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High Rollers

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High Rollers

In the depths of winter, your indoor exercise routine may have become repetitive. Foam roller exercises offer an alternative option with relaxing benefits.

In the depths of winter, your indoor exercise routine may have become repetitive. Both your body and your mind are calling out for variety. Foam roller training offers an alternative exercise option that provides strengthening, balancing, and relaxing benefits.

If you’ve never seen foam rollers, they resemble the noodles that are used in pools but are larger in diameter and shorter in length. The rollers can be used full size or can be cut in half for the beginner.

They easily fit into any workout program and can be carried to the gym or the office for a midafternoon workout or massage. A roller can be used as a bench for traditional strengthening exercises, as one can stand, kneel, sit, or lie on a roller for additional core strength and balance.

All About Balance

The roller can help awaken the unity of the mind and body by necessitating the use of active muscle strengthening to maintain balance on an unstable surface. In passive muscle strengthening the body goes through the motions of an exercise without conscious thought, such as bending and straightening the arm while holding a dumbbell. However, active muscle strengthening uses the focus of the mind to increase the challenge to the body. If you’re standing on a roller and not paying attention, you’ll lose your balance and won’t be able to perform the exercises.

The results of a short-term study of foam rollers for balance training, presented in the Journal of Geriatric Physical Therapy (2005), stated that “improvements in dynamic balance can be realized following five weeks” of training. The study participants performed partial squats while standing on semi-compressible foam rollers.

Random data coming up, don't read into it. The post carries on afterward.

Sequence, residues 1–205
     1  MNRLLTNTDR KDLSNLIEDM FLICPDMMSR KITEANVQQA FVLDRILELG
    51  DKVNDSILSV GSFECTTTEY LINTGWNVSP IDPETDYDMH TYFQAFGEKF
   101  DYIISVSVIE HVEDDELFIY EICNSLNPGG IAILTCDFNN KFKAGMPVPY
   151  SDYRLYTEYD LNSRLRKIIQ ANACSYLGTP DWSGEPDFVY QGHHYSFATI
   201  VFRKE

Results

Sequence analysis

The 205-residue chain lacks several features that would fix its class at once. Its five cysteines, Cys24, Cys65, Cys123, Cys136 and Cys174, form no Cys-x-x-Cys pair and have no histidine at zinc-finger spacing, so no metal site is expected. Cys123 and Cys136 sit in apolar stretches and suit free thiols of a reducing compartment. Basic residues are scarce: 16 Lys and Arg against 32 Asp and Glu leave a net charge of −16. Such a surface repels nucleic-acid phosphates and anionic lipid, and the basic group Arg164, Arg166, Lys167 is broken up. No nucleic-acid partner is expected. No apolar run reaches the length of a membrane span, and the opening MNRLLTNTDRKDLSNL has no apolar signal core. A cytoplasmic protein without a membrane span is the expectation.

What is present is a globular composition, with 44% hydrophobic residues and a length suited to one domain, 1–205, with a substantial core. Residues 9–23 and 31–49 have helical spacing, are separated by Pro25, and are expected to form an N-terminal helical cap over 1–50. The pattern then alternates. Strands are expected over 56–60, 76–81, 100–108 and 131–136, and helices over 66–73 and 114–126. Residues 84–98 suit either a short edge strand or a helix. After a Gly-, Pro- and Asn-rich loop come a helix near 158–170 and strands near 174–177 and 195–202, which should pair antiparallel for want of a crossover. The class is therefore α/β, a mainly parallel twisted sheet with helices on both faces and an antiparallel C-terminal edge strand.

The roller exercises use the core muscles in every movement to encourage a healthy back and strong stomach. All movement originates in the core, so in order to maintain balance, the core must be engaged.

A study presented in Physical Therapy (June 2000) reported that “performing curl-ups on labile [moveable] surfaces changes both the level of muscle activity and the way that the muscles co-activate to stabilize the spine and the whole body. This finding suggests a much higher demand on the motor control system.” The roller provides a moveable surface, and the body responds by activating more muscle during the exercises.

Perform two to three sets of 10 to 12 repetitions of the following exercises. Allow a day of rest between workouts for muscle recovery.

Curl-ups

  • Place roller vertically on floor.
  • Lay face up with the roller along the spine, head off the end of the roller.
  • Bend your knees and place the feet hip-width apart on the floor.
  • Place hands behind the head.
  • Exhale and lift the shoulder blades off roller.
  • Inhale and lower, returning to start position.

Full Body Massage

  • Place roller horizontally on the floor.
  • Lay face up with your shoulder blades on top of the roller.
  • Keep your knees bent and your hips lifted off the floor.
  • Straighten your arms overhead.
  • Using your feet in a walking movement, slowly roll the roller towards your hips, then return it to the shoulders.
  • Hold on any tight areas for 20 to 30 seconds.

Squats

  • Place roller horizontally on floor. Put both feet onto the roller, hip-width apart. Arms can be at the sides, or held out for balance.
  • Find a stable focal point to concentrate on.
  • Keeping the spine straight, inhale, and bend the knees, lowering the hips towards the floor. Lower to a comfortable level, not exceeding thighs parallel to the floor.
  • Exhale and straighten the legs, returning to start position.

Push-ups

  • Place roller horizontally on floor. Place your hands on the roller, shoulder-width apart.
  • Straighten your legs behind you, and press your toes into the floor.
  • Inhaling, bend the elbows, lowering the chest towards the floor.
  • Exhaling, straighten the arms and return to start position.
  • For beginners, place the knees on floor.
  • For added challenge, place feet on the roller and hands on the floor.
  • Remember to contract the stomach (core) muscles to aid in balance.
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